“Every day after my house-help’s daughter got done with school, she used to come home to help her mother wash our utensils. I asked her if she’d be interested in LED lessons and told her I’d pay her for every bulb we made together. Gradually, I convinced a few more teenagers to join us. But back then, we made use of SMT (surface mount technology) machines. I realised I could create employment opportunities with a labour-intensive model and began approaching NRLM officers to access their network of SHGs,” she explains.
It was sometime in 2017 that Kamalpreet first collaborated with SHGs from Teliwala village in Doiwala block. But she was met with a fair share of resistance from the women who didn’t feel confident in their abilities to pursue electrical work.
“We used to go door-to-door to encourage women to join our training sessions, but they had never heard of anything like it before. Then, my husband suggested asking them to bring their mixer grinders, induction cookers and irons to us for repair. Once they came to us, we handed them a screwdriver and asked them to get to work themselves,” she recalls.
“The idea was to familiarise them with the tools. Gradually, we were able to convince them to turn up for the training sessions where we taught them soldering, PCB mounting and attaching wires to create strings, in addition to the basics of electronics and safety practices. We held their hands as they made the LED bulbs, the same way you teach children to write. It’s not something that they learnt in an hour, but their joy of holding a product they’d made themselves was unparalleled,” she says.
Kamalpreet points out that training sessions are usually sponsored by governmental initiatives such as the NRLM and the National Institute of Entrepreneurship and Small Business Development (NIESBUD). Other times though, when they’re approached by SHGs themselves, they make use of Ora Infini’s revenue to supply the raw materials.
In 2016, Kamalpreet also set up her startup’s factory in Dehradun with technical support from her husband, who had quit his corporate job to help out with her venture. Besides manufacturing a wide range of renewable products, the team helps market the LED bulbs and string lights made by these women.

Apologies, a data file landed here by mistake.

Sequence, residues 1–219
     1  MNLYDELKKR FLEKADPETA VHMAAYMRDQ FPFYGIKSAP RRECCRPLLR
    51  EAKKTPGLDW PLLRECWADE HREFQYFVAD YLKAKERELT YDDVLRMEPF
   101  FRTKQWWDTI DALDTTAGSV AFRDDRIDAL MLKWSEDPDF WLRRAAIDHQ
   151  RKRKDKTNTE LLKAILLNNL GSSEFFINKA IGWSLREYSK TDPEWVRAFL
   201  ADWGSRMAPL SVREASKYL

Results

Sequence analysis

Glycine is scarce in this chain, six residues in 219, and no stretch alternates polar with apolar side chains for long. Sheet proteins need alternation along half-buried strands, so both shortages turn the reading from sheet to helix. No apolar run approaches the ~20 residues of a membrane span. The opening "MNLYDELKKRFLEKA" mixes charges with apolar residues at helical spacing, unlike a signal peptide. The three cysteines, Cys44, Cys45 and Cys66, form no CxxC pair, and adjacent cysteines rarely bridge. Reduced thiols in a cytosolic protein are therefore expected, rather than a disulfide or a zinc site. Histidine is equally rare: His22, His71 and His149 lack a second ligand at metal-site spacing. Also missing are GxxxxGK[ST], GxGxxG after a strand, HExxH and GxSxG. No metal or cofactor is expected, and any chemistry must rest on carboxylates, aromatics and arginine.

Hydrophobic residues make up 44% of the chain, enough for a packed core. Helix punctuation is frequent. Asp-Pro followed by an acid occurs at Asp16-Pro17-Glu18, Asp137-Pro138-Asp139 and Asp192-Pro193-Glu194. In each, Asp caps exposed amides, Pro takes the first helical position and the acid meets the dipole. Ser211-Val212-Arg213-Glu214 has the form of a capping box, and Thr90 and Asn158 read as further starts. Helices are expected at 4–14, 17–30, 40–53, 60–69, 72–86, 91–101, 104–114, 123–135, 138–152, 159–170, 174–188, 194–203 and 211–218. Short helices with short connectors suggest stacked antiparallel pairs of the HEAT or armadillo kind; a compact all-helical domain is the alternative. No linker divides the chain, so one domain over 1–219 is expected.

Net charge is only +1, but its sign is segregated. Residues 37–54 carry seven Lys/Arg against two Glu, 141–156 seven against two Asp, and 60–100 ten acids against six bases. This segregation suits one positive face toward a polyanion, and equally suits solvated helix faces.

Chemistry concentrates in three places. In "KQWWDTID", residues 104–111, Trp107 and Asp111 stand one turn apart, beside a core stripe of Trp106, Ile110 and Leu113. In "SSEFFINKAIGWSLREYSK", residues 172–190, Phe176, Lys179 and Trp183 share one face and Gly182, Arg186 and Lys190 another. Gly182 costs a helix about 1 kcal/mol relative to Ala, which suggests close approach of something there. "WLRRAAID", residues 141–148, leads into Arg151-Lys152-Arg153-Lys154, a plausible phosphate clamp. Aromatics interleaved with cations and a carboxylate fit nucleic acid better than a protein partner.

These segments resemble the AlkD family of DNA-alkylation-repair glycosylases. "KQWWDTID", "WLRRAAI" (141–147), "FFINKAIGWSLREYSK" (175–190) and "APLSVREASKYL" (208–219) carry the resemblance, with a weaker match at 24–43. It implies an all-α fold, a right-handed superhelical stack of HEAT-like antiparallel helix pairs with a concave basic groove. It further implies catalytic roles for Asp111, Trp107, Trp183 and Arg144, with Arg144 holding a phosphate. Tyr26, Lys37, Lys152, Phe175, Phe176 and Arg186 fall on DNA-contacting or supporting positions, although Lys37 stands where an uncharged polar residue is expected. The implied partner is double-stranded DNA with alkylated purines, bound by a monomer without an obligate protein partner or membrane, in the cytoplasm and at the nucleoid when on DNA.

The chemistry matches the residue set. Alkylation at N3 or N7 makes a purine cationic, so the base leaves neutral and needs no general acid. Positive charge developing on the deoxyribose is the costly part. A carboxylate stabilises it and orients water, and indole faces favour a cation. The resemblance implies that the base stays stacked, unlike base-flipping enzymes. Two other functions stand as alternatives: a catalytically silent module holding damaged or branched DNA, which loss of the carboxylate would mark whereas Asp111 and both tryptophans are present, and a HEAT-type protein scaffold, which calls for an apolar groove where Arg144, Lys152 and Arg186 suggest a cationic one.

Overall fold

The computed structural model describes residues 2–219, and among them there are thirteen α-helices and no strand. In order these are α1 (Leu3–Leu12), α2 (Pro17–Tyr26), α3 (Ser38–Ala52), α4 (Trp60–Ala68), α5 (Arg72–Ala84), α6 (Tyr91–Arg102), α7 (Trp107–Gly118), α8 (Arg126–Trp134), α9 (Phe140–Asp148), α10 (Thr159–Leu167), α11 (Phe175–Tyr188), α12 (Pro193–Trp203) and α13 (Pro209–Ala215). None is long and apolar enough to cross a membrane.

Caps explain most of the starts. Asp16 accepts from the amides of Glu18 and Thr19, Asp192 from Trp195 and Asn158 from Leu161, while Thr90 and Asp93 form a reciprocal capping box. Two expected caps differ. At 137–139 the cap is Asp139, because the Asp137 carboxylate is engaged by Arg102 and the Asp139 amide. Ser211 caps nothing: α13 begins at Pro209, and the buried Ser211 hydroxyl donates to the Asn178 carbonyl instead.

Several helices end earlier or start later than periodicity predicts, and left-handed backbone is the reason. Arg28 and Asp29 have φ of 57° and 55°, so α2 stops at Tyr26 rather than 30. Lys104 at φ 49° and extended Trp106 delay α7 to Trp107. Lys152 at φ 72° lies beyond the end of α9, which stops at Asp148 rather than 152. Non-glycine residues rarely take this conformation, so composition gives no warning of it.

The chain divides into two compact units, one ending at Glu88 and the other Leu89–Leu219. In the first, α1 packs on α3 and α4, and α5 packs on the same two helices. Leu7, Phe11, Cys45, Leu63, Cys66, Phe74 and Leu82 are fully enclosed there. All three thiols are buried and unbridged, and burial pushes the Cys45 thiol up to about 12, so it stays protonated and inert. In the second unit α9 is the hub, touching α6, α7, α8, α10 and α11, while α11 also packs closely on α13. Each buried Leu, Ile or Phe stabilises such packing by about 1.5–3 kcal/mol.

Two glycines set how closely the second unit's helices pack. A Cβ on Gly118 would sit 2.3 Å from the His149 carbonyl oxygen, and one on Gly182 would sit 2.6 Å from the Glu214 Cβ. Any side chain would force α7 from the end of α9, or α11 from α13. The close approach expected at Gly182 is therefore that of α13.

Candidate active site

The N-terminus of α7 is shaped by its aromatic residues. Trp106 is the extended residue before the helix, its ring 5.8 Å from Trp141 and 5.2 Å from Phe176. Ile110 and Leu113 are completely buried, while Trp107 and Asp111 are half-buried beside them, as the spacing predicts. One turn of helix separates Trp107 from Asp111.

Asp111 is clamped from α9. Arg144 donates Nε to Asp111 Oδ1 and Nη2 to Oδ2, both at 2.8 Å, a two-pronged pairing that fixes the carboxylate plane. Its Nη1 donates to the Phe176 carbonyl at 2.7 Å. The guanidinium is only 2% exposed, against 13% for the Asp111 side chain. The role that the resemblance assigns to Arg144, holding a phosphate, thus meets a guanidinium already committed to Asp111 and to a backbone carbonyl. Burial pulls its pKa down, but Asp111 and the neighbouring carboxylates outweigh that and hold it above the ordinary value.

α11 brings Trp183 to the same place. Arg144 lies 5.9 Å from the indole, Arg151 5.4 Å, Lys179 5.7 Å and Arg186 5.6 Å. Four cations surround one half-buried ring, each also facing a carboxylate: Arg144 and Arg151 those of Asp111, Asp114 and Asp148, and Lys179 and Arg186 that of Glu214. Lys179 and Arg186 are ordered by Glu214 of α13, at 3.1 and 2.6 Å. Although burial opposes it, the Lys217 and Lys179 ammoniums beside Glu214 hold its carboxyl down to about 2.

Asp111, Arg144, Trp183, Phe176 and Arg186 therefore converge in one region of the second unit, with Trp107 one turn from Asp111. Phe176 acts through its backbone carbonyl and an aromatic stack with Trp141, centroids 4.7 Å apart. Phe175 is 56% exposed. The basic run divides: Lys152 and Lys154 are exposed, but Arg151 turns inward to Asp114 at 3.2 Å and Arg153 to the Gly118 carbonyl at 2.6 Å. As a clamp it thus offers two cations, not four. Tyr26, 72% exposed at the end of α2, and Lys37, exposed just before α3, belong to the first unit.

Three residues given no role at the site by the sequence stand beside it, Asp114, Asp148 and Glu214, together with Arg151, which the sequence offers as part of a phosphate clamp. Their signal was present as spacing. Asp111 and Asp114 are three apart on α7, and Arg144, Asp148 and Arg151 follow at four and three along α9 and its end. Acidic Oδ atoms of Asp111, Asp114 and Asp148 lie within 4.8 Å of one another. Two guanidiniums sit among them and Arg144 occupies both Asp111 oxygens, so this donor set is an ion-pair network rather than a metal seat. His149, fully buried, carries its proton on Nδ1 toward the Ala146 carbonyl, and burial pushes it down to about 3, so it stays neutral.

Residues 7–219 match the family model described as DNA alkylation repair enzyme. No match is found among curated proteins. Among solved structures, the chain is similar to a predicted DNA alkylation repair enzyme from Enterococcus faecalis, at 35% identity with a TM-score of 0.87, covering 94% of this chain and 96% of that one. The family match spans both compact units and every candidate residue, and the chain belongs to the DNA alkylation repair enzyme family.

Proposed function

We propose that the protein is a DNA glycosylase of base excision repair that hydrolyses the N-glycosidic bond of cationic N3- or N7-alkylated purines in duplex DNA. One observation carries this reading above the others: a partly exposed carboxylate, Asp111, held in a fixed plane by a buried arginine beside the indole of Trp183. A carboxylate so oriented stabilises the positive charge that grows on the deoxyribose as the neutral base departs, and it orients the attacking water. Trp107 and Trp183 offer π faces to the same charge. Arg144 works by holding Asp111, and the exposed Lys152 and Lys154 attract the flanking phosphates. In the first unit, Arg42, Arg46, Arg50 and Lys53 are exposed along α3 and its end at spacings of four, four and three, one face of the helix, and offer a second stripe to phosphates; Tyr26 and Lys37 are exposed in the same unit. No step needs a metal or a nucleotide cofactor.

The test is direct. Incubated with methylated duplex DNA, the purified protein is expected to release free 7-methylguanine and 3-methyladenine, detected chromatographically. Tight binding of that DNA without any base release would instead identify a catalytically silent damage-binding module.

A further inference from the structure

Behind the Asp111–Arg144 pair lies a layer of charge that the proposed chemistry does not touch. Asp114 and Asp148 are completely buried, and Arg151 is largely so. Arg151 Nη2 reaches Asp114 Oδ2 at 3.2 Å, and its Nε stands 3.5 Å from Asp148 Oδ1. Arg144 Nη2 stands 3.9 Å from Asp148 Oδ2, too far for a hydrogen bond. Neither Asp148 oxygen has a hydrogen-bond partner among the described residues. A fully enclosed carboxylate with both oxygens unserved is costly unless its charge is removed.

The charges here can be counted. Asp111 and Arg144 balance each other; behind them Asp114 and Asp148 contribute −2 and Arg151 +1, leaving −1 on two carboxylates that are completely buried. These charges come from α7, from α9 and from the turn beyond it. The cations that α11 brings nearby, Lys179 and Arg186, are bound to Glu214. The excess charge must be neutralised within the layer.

“There was already the misconception that these women couldn’t be successful in the LED business. But even with their finished products in hand, customers were hesitant to invest in products made by homemakers. By conducting quality checks at Ora Infini, we could assure that they were investing in a product with warranty,” she says.
“But a majority of them are now adept enough to run independent businesses and don’t require handholding support from us. We’ve somehow managed to create our own competitors,” she’s quick to add with a laugh.
For instance, Kavita Pal (36), the president of an SHG in Doiwala town, says the women she works with specialise in making decorative string lights, a skill they picked up during a month-long training session in 2020. Ranging from nine to 100 m, priced at Rs 150 to Rs 1,600, respectively, she says their lights are a hit during festive and wedding seasons.
“We keep getting custom orders from families and hotels, as well as the municipal corporation for Independence Day and Republic Day celebrations,” she says, adding that the homemakers typically work a couple of hours every day after finishing their domestic duties.
“They don’t have to wait for their husbands to be in a good mood before asking them for money anymore. From never having worked to earning about Rs 25,000 per order, these women have come a long way,” she smiles.
‘No foreign lights for 2 years’
Kamalpreet says that her team has also been able to provide training to as many as 80 inmates at the Dehradun district jail, who primarily manufacture LED streetlights, after being approached by the prison in charge at a governmental fair in 2016.
“Initially, no organiser was willing to give us a spot; they kept asking us what category we’d fit into. But I pointed out how our LED bulbs were also handmade and provide a source of livelihood, much like the handicraft and food items at the fair. We were supported by the Uttarakhand Khadi And Village Industries Board and eventually got in. In fact, Ora Infini is the first electronic brand to be registered as a Khadi product,” she claims.
“People might not recognise me, but my work speaks for itself. With a network of 40 dealers and access to government supply chains, we’ve been able to ensure that the local markets haven’t had foreign-manufactured LED lights for two years now. But my biggest achievement is being able to introduce women, from 18 to 75 years of age to skills they’d never known before. Even if some of them aren’t entrepreneurs, they can now fix their home electronics themselves,” she gleams.
For further information, you can contact Ora Infini here.